Today the Cubs and Braves got to make up the weather-postponed game of April 15, which means wearing the Jackie Robinson 42s, and also makes for an odd home-and-home setup. After today's game, the teams will head to Atlanta for the next three days.
I've got 8 days left before summer vacation starts, and this one started before the job allows me to turn on the game. From now until the end of the school year, I'm going to do a "highlights and low-lights" type of recap. I would just feel disingenuous in trying to report on stuff I didn't get to watch live. Hope you all understand that.
Neither Julio Teheran nor José Quintana set the world on fire today, but Teheran at least put his team in position to win. Quintana struggled with command, walking three, and only throwing 57 strikes among 99 pitches. When he was getting the ball near the plate, he was hit, and hit hard. He gave up three home runs, including a lead-off home run to Ozzie Albies. Those 99 pitches were not enough to get Quintana through the fifth inning, when he not only gave up a three-run homer to José Bautista, but also could not retire Teheran to end the inning. After allowing another hit to Albies, Quintana was done for the day. His ERA now sits at 5.23 on the season.
Particularly infuriating was the fact that backup catcher Tyler Flowers - he of the .518 OPS entering the game - dominated Quintana. Possibly there was some advantage to having been teammates on the south side, but the Cubs could not get him out today. He hit a two-run homer off Quintana in the third inning to give the Braves their second lead, and ended up 2-for-2 on the day with three walks. The two RBIs doubled his season total to four. You can't let that guy be the one to beat you.
The bullpen has been one of the Cubs real strengths this year, and they had to be again, in order to keep the game within reach. Steve Cishek, whose arm may fall off by season's end, had to come in to wrap up the fifth inning. Brian Duensing walked the bases loaded in his inning, but escaped unharmed. Pedro Strop is good, by the way. He allowed ZERO runs for the 16th time in his last 17 outings, going 1-2-3 in the seventh. Good Justin Wilson pitched a scoreless eighth, allowing a walk. I don't typically like to make excuses for poor play based on umpires, but it looked as though Wilson was squeezed on the low part of the zone. That is to say, Wilson wasn't his wild self. Justin Hancock pitched a scoreless ninth, thanks in part to a caught stealing attempt by Charlie Culberson. There was a short scare, as it looked like Javier Báez may have been spiked on the play. However, he was able to stay in and make the final play of the inning.
Double Your Pleasure, Double Your Fun
The Cubs did actually have the lead in this game early on. Albert Almora Jr. got the Cubs on the board with a two-run shot in the bottom of the second inning. Teheran hung a breaking ball in the middle of the zone, and Albert made him pay with a shot to the left field bleachers. After Quintana gave up the lead in the top of the third inning, Kris Bryant grabbed it right back. Bryant jumped all over a 78mph offering and delivered it to the bleachers to give the Cubs a temporary 4-3 lead. It was short-lived, but hey, it's better to hit two-run dingers than solo shots, right? And early in this one, it looked like there might be more to come.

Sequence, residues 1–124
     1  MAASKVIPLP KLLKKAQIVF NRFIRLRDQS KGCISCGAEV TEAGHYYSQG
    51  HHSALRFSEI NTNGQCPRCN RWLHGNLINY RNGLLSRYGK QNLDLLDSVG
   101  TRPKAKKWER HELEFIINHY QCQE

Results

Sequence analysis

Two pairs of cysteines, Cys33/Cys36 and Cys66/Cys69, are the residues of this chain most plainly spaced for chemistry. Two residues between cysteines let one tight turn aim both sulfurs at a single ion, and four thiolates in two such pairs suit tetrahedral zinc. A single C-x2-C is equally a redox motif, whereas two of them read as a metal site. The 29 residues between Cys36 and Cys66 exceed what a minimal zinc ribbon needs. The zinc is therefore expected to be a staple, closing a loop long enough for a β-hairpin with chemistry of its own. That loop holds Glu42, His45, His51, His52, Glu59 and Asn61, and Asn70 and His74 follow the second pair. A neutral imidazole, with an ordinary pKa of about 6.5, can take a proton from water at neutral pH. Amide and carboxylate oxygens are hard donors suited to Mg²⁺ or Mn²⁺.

The Phantom Rally
You knew that it was coming at some point. The Cubs really struggled to string together hits throughout the game, and seemingly grounded out to Albies at second base about 17 times on the day. When they weren't doing that, it was Javy getting robbed on diving stops by whichever random third baseman was in as a defensive replacement for Joey Bats. The Cubs finally put together an attempted rally in the bottom of the 9th.
After Javy's ground out, Victor Caratini singled up the middle. He took second on a passed ball, though Kyle Schwarber walked in the at bat anyway to put runners at first and second. Almora collected his third hit of the game on a broken bat line drive to left field. Caratini wasn't able to score because he had to make sure the tweener line drive wasn't caught, and also because he runs like Victor Caratini. David Bote was given the opportunity to become the latest Cub cult hero, but eventually struck out. Ian Happ was brought in to pinch hit for Tommy La Stella with lefty A.J. Minter on the mound. After starting out 0-2, Minter came too far inside, and hit Happ to bring in a run, and put Kris Bryant at the plate to be the hero.
But of course, the deck was stacked against him. I mean, not really. Minter is nothing special, and Bryant is BAE. I mean, WGN sabotaged him by flashing his stats. Of course, they showed a .472 batting average and OPS of 1.500+ against lefties, so you knew his fate was sealed. Bryant flew out to left field to end the game.
The two teams will fly to Atlanta tonight to play a three-game series. It goes without saying that the Cubs need to get more from their starting pitching. That looks like a dubious task tomorrow, as Yu Darvish will be on the mound. I don't want to disparage the righty, but he's clearly struggled to start his Cubs career (0-3, 6.00 ERA), and he'll be coming off the DL after a bad bout of the flu. He'll face Mike Foltynotgonnaworkhereanymore, whose numbers look alright, though he struggles to pitch into the sixth inning on the regular.
Here's hoping the Cubs realize that they don't have to do the whole "win five-lose five" thing all season.
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